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Arias de zarzuela barroca
José Melchor de Nebra BLASCO (1702-1768)

from Para obsequy a la deydad, nunca es culto la crueldad, y Iphigenia en Tracia (1747) Overture
Llegar ninguno intente
Suspéndete, tirano
Piedad, Señor
from Amor aumenta el valor (1728)
Triste cárcel oscura
¡Ay Amor¡ ¡ay, Clelia mía!
Adiós, prenda de mi amor
Más fácil sera al viento
Vincente Martín y SOLER (1754-1806)

from La madrileña o el tutor burlado (1778)
Inocentita y niña
Antonio Rodriguez de HITA (1724-1787)

from La Briseida (1768)
Amor, sólo tu encanto
Deydad que las venganas
Luigi BOCCHERINI (1743-1805)

from Clementina (1786)
Almas que amor sujetó
María Bayo (soprano)
Les Talens Lyriques/Christophe Rousset
rec. May 2003, Lycée Fénelon Sainte-Marie
Texts and translations included
NAÏVE E8920 [70.18]


Experience Classicsonline

Some of the names here are relatively unfamiliar; but if you have enjoyed Maria Bayo’s work on recital discs of Handel, Mozart and Rossini, or in any of her many other recordings, you will probably feel confident (and rightly so) that there is much pleasure to be had from this disc too. If you are interested in the development of that distinctively Spanish form of the zarzuela you will probably regard this reissued anthology (it was formerly Naïve E8885) as a compulsory purchase. With material from operas ranging in date from 1728 to 1786, it offers a valuable (if necessarily brief) survey of the early history of the form. But this is no mere exercise in historical documentation – there is much lovely music here.

Relatively little of the zarzuela repertoire survives from the early years of the eighteenth century and the arias from two works by José de Nebra Blasco are of particular interest. Nebra Blasco was principal organist of the convent of Descalzas Reales and of the royal chapel in Madrid from 1724; he later became head of the royal choir school. His writing of zarzuelas (and related works) belongs to two main periods, 1723-30 and 1737-51; he wrote over fifty such works. Antonio Soler studied with Nebra Blasco. Nebra Blasco’s writing here is both impressively various and accomplished. The dignity and grand elegance of an aria such as ‘¡Ay Amor¡ ¡ay, Clelia mía!’ make it a match for all but the greatest of Nebra Blasco’s contemporaries elsewhere in Europe; it is ravishingly sung by Bayo, with instrumental support beautifully judged.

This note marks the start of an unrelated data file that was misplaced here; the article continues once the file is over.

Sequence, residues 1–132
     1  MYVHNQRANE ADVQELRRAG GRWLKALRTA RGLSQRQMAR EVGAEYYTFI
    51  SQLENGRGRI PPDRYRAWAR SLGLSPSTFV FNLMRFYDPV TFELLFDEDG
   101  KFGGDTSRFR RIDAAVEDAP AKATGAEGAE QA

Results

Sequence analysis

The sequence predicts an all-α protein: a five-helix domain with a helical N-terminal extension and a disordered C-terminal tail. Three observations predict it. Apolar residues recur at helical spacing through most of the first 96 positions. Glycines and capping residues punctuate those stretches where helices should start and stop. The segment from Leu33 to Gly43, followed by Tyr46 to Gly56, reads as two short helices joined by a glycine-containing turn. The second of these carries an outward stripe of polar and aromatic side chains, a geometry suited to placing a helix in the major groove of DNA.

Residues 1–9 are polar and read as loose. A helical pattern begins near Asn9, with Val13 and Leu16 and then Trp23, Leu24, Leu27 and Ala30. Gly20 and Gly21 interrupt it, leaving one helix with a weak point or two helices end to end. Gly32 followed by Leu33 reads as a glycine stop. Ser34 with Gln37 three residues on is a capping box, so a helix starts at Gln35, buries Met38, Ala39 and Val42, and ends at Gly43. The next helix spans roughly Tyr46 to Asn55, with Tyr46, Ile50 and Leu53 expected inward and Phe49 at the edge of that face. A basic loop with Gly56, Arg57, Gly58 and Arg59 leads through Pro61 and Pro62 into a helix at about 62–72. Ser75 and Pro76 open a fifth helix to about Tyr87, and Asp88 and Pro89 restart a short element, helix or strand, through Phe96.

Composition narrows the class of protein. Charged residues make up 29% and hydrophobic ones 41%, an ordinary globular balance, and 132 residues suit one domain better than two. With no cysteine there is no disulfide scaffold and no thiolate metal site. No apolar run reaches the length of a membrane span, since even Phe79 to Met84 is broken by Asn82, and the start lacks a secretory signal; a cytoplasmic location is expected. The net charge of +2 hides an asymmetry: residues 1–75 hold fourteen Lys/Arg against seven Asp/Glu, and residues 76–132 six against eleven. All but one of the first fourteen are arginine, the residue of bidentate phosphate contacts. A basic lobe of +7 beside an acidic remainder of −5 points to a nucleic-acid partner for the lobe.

Like much of the music on this CD, José de Nebra Blasco’s work is not obviously ‘Spanish’, belonging rather in the mainstream of the Italian-influenced idiom which largely held sway in Spain as elsewhere. It was primarily in the middle years of the eighteenth century that the zarzuela began to express Spanish reaction against the prevailing dominance of Italian and French fashions. In some of these later works, the distinctively Spanish idioms are more pronounced – notably in the music from La madrileña o el tutor burlado by  Nebra Blasco’s pupil Soler. Violante’s seguidilla ‘Inocentita y niña’ enacts the encounter of Italy and Spain in its music – and in its text:
                       An innocent little girl
                       I come from Italy
                       to encounter the rogues
                       one meets in Spain.
                       What will become of me? Oh!
                       Shall I be ruined? What?
                       Shall I be deceived? No!
                       Shall I be the deceiver? Well,
                       if anyone would like to come closer
                       I’ll tell him!

Whatever plans Violante the Italian girl may have for her dealings with Spanish men, musically speaking it is Spain that comes out on top in this delightful short aria, the quasi-folk elements pronounced but attractively sophisticated in some subtle vocal and orchestral writing.

Everywhere on this disc there is delight to be had – certainly it whets the appetite for hearing more of the music of composers such as Nebra Blasco and Antonio Rodriguez de Hita, whose music doesn’t come our way too often. In the cases of Soler and Boccherini, more familiar names, Rousset and Bayo have recorded relatively unfamiliar music, very well worth hearing.

Les Talens Lyriques, directed by Christophe Rousset, provide vivid and sensuous accompaniment throughout and Maria Bayo, a very fine soprano, is spectacularly at home in this music. She sings, too, with a kind of evangelical zeal in the rediscovery of the neglected. In a note contributed to the CD’s booklet she complains that “Music historians in Spain have been very unfair to these composers, who have been no more than glimpsed, at best, in the odd set of organ pieces, and are completely unknown in the regular concert circuit”. Her own claim is that, in performance many of these arias reveal an  “emotional content … equal to that aroused when we listen to Handel, Gluck or Mozart”. Whether or not one would want to go quite that far, it is surely true that sung as well as they are here – Bayo’s lucidity and brilliant coloratura alike make a forceful case – these are arias which would surely give great pleasure to admirers of any of those composers.

Glyn Pursglove




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